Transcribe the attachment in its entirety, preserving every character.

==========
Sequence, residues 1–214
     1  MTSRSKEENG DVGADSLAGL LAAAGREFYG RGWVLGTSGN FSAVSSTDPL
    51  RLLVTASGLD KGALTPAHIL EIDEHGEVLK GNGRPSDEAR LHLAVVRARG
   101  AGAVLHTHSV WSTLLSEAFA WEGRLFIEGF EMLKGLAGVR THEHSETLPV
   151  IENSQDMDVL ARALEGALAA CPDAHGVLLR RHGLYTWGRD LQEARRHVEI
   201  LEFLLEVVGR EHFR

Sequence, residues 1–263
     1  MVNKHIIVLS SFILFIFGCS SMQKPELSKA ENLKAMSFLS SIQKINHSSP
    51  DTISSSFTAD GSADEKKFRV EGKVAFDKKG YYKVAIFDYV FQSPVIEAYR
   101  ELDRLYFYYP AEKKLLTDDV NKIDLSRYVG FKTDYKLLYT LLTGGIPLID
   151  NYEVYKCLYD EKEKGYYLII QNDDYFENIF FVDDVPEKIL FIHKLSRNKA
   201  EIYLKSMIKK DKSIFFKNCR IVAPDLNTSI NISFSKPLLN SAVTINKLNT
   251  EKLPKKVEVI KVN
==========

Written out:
Sequence, residues 1–214
     1  MTSRSKEENG DVGADSLAGL LAAAGREFYG RGWVLGTSGN FSAVSSTDPL
    51  RLLVTASGLD KGALTPAHIL EIDEHGEVLK GNGRPSDEAR LHLAVVRARG
   101  AGAVLHTHSV WSTLLSEAFA WEGRLFIEGF EMLKGLAGVR THEHSETLPV
   151  IENSQDMDVL ARALEGALAA CPDAHGVLLR RHGLYTWGRD LQEARRHVEI
   201  LEFLLEVVGR EHFR

Sequence, residues 1–263
     1  MVNKHIIVLS SFILFIFGCS SMQKPELSKA ENLKAMSFLS SIQKINHSSP
    51  DTISSSFTAD GSADEKKFRV EGKVAFDKKG YYKVAIFDYV FQSPVIEAYR
   101  ELDRLYFYYP AEKKLLTDDV NKIDLSRYVG FKTDYKLLYT LLTGGIPLID
   151  NYEVYKCLYD EKEKGYYLII QNDDYFENIF FVDDVPEKIL FIHKLSRNKA
   201  EIYLKSMIKK DKSIFFKNCR IVAPDLNTSI NISFSKPLLN SAVTINKLNT
   251  EKLPKKVEVI KVN